Spider-Man has always been my favorite superhero. Surely this is in part due to Sam Raimi’s Spider-Man (2002) and Spider-Man 2 (2004) which were released at a time when my fixation on superheroes was at its strongest. During this time, my brother and I transferred our focus from creating heros of our own with Legos or Bionicles to those that had already been made. Spider-Man caught my eye. As a kid, I amassed a few toys and action figures. I wore shirts covered in webs as I traversed the house, swinging my arms up, pressing into the palm of my hand, envisioning webs propelling me forward. With the action figures, tables became rooftops and living rooms became the busy streets of New York in which Spider-Man crawled on walls, spun webs, and dismantled the criminal enterprises lurking in the shadows. As a kid, one can see why the Wall-Crawler would be a favorite, but even as I got older, Spider-Man always remained the most interesting and compelling superhero.
In a way, the reason I like Spider-Man is because I was supposed to like him. In response to the growing numbers of teenage comic book readers in the 1960s, Stan Lee sought to create a hero that was relatable. All other superheros were invincible in most respects—poetic lyricists who were morally upright in face of the simple caricature villains. Most villains were as banal in their quests for evil as the superheros were in fighting for the greater good. This new hero had to be special, a true hero, yet he had to remain plagued with the petty, inane, day-to-day ongoings of teenage life. And, thus, Peter Parker was born. As an introverted, shy, or otherwise unassuming high school kid, he was not the conventional hero. But nonetheless he would become a hero through one radioactive spider bite. Stan Lee describes it best in a 1977 article in Quest titled “How I Invented Spider-Man.”
“If you suddenly gained the muscle power of a hundred men and could outwrestle King Kong, it doesn’t mean you still don’t have to worry about acne and dandruff, right?” he wrote.
Spider-Man spoke as much to the escapism that superheros and superhero comics gave to readers as much as it served as a reminder of the inescapability of those more tiresome, daily fights. Whether it’s girls, homework, getting a job, or appeasing Aunt May, Spider-Man has to put up with a lot of bull, as we all do. Spider-Man is seen as a character who takes those things in stride and does great things in spite of them. Great power, responsibility, and such.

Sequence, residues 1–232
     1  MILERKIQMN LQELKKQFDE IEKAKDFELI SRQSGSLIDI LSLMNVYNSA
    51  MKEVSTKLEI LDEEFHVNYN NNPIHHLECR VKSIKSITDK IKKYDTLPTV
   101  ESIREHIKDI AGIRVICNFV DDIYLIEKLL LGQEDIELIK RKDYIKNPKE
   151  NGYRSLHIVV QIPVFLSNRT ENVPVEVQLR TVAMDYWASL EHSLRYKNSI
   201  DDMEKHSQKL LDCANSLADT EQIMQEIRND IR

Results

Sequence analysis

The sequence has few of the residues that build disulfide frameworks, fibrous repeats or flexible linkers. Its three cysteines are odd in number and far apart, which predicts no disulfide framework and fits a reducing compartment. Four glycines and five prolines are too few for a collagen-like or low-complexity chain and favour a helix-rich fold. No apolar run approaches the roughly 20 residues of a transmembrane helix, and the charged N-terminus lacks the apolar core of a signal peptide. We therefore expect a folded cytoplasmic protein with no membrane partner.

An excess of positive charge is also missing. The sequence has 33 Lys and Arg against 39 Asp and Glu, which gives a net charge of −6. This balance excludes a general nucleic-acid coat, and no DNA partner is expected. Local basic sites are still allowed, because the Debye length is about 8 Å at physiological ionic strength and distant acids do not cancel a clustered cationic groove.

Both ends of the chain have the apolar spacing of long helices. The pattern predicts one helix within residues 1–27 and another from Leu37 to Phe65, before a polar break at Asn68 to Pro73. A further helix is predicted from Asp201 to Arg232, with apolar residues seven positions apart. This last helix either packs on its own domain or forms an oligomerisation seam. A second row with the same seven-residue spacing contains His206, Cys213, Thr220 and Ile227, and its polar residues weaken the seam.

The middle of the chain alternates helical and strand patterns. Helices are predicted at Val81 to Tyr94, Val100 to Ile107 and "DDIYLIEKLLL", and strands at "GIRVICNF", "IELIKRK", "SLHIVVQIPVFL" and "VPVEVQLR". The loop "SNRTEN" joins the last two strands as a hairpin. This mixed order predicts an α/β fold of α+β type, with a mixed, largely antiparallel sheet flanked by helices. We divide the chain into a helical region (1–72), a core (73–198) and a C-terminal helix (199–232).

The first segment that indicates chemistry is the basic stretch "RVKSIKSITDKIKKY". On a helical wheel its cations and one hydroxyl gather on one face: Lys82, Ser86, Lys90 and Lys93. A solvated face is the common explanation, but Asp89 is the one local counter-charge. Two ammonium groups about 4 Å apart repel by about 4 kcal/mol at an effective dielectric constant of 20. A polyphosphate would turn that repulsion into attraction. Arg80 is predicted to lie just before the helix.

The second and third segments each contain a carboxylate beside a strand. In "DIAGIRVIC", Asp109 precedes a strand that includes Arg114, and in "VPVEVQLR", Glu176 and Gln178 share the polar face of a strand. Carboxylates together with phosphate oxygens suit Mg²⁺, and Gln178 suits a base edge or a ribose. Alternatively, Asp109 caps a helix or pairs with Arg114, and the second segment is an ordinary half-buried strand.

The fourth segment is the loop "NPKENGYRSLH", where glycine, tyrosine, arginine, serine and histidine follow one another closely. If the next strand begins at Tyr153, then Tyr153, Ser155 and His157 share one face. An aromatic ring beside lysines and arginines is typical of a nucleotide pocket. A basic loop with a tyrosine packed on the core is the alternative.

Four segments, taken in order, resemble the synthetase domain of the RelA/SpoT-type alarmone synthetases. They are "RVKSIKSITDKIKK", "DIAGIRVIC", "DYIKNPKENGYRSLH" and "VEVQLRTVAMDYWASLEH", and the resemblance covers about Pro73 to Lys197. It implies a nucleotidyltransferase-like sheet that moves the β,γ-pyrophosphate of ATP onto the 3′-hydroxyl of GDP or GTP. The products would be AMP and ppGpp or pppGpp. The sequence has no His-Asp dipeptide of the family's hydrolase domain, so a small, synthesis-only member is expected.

And with that kind of mentality, the Web-Slinger offers up two different kinds of identities—the witty, smart-talking Spider-Man and the socially troubled Peter Parker. Two sides of the same coin. In almost all his incarnations, comic book or otherwise, this is explored in one way or another as the power of a mask allows you to become your best self, while hiding the imperfections of your other self.
Spider-Man’s secret identity is more crucial to understanding his character because it means so much to how Peter Parker sees himself as Spider-Man and vise versa.
In the few issues of of The Spectacular Spider-Man I had bought during this time, and even in some of The New Avengers comics, Spider-Man always stood out as different. His stakes were nothing like that of other superheros. Without the mask, he is just a kid, a nobody, really. With the mask, people care what he has to say. He matters. In Spider-Man 2, in the scene in which Spider-Man stops a train and loses his mask, one passenger says “He’s just a kid … no older than my son.”
His story was often more personal and intimate, lending a more inclusive, and thus more relatable, tale of a man turned spider.
That is why he remains my favorite and pulls at the essence of why so many others find him a compelling character. He is like us. He shares in those uninspiring, unextraordinary aspects of everyday life. But in a way, when Stan Lee created Spider-Man, it was not so much to show him like us, but to show us like him—people or heros in a different right.
Featured Image By Marvel Studios